Campus Life

Mays Business School Professor Keith Swim Retires After More Than Three Decades At Texas A&M

The beloved business law instructor is known for his distinctive teaching style and for bringing students together for a variety of charitable projects each year.
By Luke Henkhaus, Texas A&M University Division of Marketing & Communications July 5, 2022

a photo of a man with glasses, white hair and a white beard smiling among some plants
Retiring professor Keith D. Swim, Jr., at his home in College Station on May 17, 2022.

Laura McKenzie/Texas A&M University Division of Marketing & Communications


Since announcing his retirement to his former students on Facebook in May, Clinical Associate Professor Keith D. Swim, Jr. ’77, who taught classes on business law at Texas A&M University’s Mays Business School for over 30 years, has been flooded with hundreds of messages from grateful former students.

“The only class I willingly sat front row in because you made the subject so interesting to learn more about!” wrote one.

Others reflected on Swim’s famous tough-but-fair approach: “I still tell people stories about how hard your tests were, but you made us earn it.”

“So grateful to be amongst the lucky thousands that had you as a professor,” another commented. “Enjoy retirement, you earned it!”

Swim joined the faculty in 1989, having dreamt of teaching at A&M for most of his adult life. Decades later, he said it’s still hard to believe that he got to live that dream for so many years: “It does still seem like a dream in a lot of ways.”

Over the years, Swim made a name for himself as a dedicated and caring educator who prioritized genuine intellectual growth over rote memorization.

As a longtime instructor of the Legal Environment of Business course for business majors and the Business, Government & Society course for non-majors, his task each semester was as challenging as it was important; it was up to Swim to take a group of students with little-to-no knowledge of legal concepts and give them the tools they would need to understand and navigate these issues in their future careers.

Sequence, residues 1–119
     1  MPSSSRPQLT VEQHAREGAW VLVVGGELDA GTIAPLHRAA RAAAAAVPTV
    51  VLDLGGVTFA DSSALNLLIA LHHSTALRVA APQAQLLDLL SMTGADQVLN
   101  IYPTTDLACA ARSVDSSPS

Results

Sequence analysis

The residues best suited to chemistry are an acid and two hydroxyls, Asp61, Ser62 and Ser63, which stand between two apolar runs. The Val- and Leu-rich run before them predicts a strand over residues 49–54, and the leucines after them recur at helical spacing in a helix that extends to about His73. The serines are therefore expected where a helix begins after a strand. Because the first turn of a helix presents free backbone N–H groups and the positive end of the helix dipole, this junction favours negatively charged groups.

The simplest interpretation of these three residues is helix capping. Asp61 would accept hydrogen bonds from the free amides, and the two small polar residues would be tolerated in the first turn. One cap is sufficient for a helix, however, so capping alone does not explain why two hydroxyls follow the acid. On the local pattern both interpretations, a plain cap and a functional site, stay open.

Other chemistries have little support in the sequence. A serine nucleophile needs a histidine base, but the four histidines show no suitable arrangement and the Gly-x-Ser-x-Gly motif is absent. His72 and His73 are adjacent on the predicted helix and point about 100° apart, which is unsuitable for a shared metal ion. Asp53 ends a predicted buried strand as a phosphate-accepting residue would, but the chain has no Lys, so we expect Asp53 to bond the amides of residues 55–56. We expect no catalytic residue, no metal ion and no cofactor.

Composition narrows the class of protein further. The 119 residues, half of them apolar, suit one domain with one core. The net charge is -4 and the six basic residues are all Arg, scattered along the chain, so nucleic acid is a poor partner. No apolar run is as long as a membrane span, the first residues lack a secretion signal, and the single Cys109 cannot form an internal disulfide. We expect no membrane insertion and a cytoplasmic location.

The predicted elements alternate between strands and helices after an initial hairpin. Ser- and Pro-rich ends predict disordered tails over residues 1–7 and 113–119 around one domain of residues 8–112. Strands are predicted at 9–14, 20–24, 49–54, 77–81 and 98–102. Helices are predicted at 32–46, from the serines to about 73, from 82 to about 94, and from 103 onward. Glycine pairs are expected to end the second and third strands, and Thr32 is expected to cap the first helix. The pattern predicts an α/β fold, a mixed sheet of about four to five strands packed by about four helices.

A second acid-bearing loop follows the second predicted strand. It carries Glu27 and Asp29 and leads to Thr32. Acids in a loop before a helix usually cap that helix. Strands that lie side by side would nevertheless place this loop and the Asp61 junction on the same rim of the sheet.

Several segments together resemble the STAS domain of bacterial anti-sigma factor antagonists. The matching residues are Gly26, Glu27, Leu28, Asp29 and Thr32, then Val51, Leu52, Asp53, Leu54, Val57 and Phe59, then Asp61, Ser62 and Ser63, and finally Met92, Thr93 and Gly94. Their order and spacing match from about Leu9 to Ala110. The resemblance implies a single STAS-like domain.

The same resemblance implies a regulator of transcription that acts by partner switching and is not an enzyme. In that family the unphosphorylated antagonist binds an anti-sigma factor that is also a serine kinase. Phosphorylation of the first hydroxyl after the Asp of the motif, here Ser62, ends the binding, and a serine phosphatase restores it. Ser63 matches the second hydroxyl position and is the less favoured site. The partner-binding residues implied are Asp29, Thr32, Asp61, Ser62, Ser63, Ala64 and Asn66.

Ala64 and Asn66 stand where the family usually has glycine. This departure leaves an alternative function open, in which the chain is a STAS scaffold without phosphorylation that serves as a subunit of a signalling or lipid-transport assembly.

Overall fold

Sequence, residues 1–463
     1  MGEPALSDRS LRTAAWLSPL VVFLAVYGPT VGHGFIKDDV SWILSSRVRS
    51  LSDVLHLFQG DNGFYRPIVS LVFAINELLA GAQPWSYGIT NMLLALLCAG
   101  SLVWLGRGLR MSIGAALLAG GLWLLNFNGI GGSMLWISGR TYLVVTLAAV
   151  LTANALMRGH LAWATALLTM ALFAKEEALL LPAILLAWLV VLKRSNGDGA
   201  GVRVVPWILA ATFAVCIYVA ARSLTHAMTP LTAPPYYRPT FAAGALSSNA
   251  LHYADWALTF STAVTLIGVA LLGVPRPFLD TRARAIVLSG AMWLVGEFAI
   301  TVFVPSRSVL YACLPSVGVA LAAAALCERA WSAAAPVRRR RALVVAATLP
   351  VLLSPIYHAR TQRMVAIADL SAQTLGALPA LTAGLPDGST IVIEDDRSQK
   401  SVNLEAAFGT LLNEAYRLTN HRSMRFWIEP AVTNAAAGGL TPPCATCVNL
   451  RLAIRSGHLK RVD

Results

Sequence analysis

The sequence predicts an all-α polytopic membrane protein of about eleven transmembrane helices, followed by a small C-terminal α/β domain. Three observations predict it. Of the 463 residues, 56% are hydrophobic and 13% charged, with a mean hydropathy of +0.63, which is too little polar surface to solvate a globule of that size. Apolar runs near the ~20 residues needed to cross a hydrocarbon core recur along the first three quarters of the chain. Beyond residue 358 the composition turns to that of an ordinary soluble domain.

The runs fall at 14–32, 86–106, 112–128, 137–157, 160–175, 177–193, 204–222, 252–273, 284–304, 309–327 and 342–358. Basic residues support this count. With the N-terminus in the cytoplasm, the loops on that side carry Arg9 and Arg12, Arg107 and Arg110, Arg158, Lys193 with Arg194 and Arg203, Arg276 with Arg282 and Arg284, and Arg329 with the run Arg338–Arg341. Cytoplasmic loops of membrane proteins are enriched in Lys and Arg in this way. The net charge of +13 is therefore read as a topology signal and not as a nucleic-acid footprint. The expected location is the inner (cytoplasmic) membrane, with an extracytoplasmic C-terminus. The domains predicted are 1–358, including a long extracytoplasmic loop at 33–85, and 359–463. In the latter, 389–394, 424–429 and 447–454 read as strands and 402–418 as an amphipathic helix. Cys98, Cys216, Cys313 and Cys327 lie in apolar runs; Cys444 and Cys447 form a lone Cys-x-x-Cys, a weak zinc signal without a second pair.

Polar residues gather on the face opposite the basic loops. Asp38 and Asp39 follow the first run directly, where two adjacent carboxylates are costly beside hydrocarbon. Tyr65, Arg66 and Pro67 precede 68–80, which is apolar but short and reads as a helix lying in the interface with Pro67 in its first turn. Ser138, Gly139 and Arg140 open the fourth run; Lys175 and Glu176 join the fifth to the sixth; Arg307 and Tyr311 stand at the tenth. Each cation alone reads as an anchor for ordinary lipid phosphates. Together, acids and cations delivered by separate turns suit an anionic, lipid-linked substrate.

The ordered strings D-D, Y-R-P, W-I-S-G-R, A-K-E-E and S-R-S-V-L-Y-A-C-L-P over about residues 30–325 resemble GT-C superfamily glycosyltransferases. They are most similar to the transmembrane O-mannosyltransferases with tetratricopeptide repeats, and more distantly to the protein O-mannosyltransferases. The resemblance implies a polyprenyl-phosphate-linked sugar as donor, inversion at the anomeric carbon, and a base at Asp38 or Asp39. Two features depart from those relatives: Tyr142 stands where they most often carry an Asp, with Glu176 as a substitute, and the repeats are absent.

“Whether you’ve got a business minor or a major, you’re going to have to know some aspects of law and be able to understand it — not to be the attorney but to at least know what the attorney is talking about and how things work in the business world,” he said.

For Swim, that often meant teaching his students to think critically and understand that not every question has a black-and-white answer. As he freely admits, that can be a big challenge for many. But Swim has always taken the time to offer help to those who ask for it.

“For those who did come to my office hours and would work with me, to see them start off doing horrible and end up doing so much better, that was the most rewarding thing about the whole experience,” he said.

Swim is also widely known for his charitable work, including an annual Christmas toy drive for children in need, food drives for The 12th Can food pantry and card-writing campaigns for hospital patients across the country — all endeavors that Swim is reluctant to take credit for.

“The students did it,” he said. “I was just a facilitator. I didn’t do it. They did it.”

As he begins this next chapter of his life, Swim said he will be forever grateful to his wife, Brenda — “I couldn’t have done all of it without her,” he said — as well as the many Aggies that made his time on campus worthwhile. He said it warms his heart to see how many have taken a moment to wish him well.

“It makes me feel extremely blessed to have had a chance to have so many wonderful students over the past 33 years,” he said. “And I am sure that is what I will miss most in retirement, not getting to interact with students.”

Media contact: Luke Henkhaus,

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